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Bob Poole

Raleigh Sports Club Member Bob Poole, died at age 90 on Jan 18, 2022

Bob PooleBob was a long time member of the Raleigh Sports Club and he served for several years as our chaplain. What most of us never knew about Bob was that he set a HS basketball record for the state of NC in 1950 which still stands today. The News & Observer posted a nice article by Luke Decock about Bob and his record, which we will repeat here in case you missed it.

One February night more than 70 years ago, Bob Poole set a basketball record that would outlive him. Then he watched the entire state change around him while that record still stood. Poole, who died Tuesday at 90, became almost as conflicted as he was proud of the 67 points he scored for Clayton High back in 1950, a mark that has endured the challenge of countless generational basketball stars in North Carolina. "I don't go out broadcasting it, but they've heard of it from somewhere," Poole said in a 2010 interview. "Especially the basketball fans. They see Phil Ford and David Thompson and Michael Jordan and see little ol' me and say, 'How in the world did you get there?'" After that game, when his teammates fed him the ball over and over again against a hopelessly overmatched opponent before Poole even realized what was going on, he would say later, Poole became a Baptist minister and spent the rest of his life in service. After playing basketball at Furman - where he was on the court when Frank Selvy set the NCAA record with 100 points against Newberry - and serving in the Army, he felt a spiritual calling and enrolled at Southeast Baptist Theological Seminary in Wake Forest. He spent three decades as a Baptist minister in Elizabeth City before retiring to Raleigh, where he remained active in the church, helping out wherever he was needed. "When we first went there, it was a pretty small little church out on (Highway) 17," his son, Robert Poole, Jr., said Thursday. "Now it's got a big family life center and a gym. It has really expanded. He just devoted his whole life to his church and his family and his community." The record followed him everywhere, for the rest of his life, but as far as Poole was concerned, his lifelong legacy was in the church, the congregants to whom he ministered, the joy he shared officiating weddings and the grief he honored at their funerals, and his wife of 67 years and their four children and nine grandchildren. "I think he told me he made 10,000 visits to the hospital in his career," his son said. "He had a card where he'd write down every day what he did. Lots of hospital visits. Lots of funerals. He officiated countless weddings. He did a lot of things in the community, all kinds of things. Lots of stuff for church basketball and that kind of stuff, getting kids involved in things and trying to keep them busy. Using the church in a way to try to keep them busy, using that as a tool of his ministry." Poole's is a story of modern North Carolina, of basketball excellence and changing times. The tiny school he set the record against, Corinth-Holders, was folded into Smithfield-Selma amid a round of rural school consolidation in 1969. The farms that surrounded it once grew tobacco and cotton; many years later when they were plowed under for subdivisions, Johnston County opened a new high school in the area, resurrecting the old name. Unlike the school, the NCHSAA record has endured the test of time. It has been challenged - JamesOn Curry, the state's all-time career leader, scored 65 for Eastern Alamance in 2004 and Cam Hamilton scored 63 for Vance (now Chambers) in 2017 - but never met or exceeded, not by Curry nor Chris Paul nor John Lucas nor Donald Williams nor Phil Ford, all of whom posted high scores among the top 30 in state history. It's quite remarkable, given the number of outstanding basketball players the state has produced, that the record has stood for so long. It's also hard to imagine any team or any coach allowing it to be broken in this day and age; no one would want to be on the receiving end of it. That's a realization that came to Poole later in life. In that 2010 interview, Poole said he was almost embarrassed by the record. He was a college-bound star on a powerful Clayton team; Corinth-Holders barely had enough students to field a basketball team. A new state record of 53 points had been set against Corinth-Holders earlier that season. Poole said his teammates, aware of that, took it upon themselves to feed him for three-quarters of their points in an 88-27 win. "I never talked to anybody after the game," Poole said. "Today I probably would have written them a letter of apology. You don't like to be made fun of or humiliated, whatever the word is. I think about that a whole lot more than I used to, because it can be done to you, too. At the time, I didn't really know what was going on. Now, when I reflect back over the years, maybe that wasn't the best thing to have done." That kind of perspective is a gift, and Poole spent the rest of his life sharing it with others.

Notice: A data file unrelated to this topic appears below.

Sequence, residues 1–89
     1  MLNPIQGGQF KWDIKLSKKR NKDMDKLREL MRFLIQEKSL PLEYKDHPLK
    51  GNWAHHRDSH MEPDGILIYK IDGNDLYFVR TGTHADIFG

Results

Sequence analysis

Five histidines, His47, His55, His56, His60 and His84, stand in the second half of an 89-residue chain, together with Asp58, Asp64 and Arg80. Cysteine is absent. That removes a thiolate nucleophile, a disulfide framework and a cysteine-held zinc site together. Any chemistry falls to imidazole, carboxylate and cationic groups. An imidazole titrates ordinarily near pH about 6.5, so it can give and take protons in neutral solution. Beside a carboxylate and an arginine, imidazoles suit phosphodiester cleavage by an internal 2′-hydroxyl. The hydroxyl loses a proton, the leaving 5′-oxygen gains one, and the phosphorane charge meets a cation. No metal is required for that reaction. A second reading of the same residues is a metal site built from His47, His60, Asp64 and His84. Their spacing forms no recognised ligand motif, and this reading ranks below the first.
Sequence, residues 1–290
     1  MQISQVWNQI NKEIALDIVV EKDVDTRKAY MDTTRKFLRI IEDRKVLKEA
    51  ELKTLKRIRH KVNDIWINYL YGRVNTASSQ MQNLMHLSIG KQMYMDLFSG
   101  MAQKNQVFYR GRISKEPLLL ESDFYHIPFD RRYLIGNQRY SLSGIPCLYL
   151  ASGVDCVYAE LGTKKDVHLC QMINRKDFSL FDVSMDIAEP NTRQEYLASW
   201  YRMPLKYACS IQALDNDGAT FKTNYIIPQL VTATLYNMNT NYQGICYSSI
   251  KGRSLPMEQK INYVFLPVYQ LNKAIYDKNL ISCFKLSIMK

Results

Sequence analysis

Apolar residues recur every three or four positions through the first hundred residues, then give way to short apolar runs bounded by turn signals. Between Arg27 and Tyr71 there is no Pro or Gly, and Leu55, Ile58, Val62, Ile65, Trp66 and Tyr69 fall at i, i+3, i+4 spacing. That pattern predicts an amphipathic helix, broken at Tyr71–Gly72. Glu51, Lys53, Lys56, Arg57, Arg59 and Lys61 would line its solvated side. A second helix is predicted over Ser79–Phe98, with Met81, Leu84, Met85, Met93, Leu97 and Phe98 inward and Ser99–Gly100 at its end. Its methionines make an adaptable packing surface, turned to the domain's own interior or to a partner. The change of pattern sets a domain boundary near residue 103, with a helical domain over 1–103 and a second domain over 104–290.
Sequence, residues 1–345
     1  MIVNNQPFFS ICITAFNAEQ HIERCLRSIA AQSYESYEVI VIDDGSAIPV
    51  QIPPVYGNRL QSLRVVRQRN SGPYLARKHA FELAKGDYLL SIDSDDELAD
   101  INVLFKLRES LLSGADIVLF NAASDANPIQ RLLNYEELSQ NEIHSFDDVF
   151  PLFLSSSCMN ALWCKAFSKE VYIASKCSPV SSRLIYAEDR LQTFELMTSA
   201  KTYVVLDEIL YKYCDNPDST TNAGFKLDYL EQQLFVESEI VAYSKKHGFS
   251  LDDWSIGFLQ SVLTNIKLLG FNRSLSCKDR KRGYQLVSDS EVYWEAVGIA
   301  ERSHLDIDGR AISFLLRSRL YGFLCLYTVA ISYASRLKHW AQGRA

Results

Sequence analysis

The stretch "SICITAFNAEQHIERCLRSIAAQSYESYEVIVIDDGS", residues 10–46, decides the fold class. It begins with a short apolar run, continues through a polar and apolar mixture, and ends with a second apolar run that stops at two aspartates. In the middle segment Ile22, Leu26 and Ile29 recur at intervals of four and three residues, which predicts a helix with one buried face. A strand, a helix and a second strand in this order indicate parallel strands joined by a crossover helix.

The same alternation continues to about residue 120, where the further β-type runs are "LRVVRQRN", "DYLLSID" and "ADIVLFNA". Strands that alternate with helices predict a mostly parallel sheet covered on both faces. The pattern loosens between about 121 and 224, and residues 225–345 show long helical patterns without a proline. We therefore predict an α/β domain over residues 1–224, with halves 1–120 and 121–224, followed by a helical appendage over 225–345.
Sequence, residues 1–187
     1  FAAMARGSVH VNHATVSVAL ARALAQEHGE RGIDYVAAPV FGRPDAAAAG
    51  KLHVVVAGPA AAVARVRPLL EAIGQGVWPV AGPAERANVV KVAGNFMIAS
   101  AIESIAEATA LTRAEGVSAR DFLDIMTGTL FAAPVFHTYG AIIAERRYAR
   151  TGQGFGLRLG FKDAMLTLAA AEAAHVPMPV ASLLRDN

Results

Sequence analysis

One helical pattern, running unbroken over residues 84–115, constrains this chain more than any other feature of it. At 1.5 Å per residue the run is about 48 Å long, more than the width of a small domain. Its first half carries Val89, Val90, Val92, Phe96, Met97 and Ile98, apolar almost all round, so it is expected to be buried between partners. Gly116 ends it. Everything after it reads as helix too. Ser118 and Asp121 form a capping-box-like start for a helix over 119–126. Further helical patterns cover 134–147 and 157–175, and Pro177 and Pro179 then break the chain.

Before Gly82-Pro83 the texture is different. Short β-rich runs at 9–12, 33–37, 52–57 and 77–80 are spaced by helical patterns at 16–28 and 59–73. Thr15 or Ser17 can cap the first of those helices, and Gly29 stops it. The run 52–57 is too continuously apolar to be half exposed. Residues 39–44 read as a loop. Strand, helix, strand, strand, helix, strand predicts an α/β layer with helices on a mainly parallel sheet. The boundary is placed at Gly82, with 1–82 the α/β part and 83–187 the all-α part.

Luke DeCock: 919-829-8947, @LukeDeCock